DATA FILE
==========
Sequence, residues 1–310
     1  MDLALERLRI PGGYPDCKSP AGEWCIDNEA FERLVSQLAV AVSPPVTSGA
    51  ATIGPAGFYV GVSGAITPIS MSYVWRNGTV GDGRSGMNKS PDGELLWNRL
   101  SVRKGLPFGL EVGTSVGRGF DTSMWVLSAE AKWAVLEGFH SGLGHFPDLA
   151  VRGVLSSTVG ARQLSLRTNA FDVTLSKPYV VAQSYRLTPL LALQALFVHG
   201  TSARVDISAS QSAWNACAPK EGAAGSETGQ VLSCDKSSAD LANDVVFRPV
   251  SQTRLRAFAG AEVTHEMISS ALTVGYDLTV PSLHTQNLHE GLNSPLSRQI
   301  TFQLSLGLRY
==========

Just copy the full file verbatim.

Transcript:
Sequence, residues 1–310
     1  MDLALERLRI PGGYPDCKSP AGEWCIDNEA FERLVSQLAV AVSPPVTSGA
    51  ATIGPAGFYV GVSGAITPIS MSYVWRNGTV GDGRSGMNKS PDGELLWNRL
   101  SVRKGLPFGL EVGTSVGRGF DTSMWVLSAE AKWAVLEGFH SGLGHFPDLA
   151  VRGVLSSTVG ARQLSLRTNA FDVTLSKPYV VAQSYRLTPL LALQALFVHG
   201  TSARVDISAS QSAWNACAPK EGAAGSETGQ VLSCDKSSAD LANDVVFRPV
   251  SQTRLRAFAG AEVTHEMISS ALTVGYDLTV PSLHTQNLHE GLNSPLSRQI
   301  TFQLSLGLRY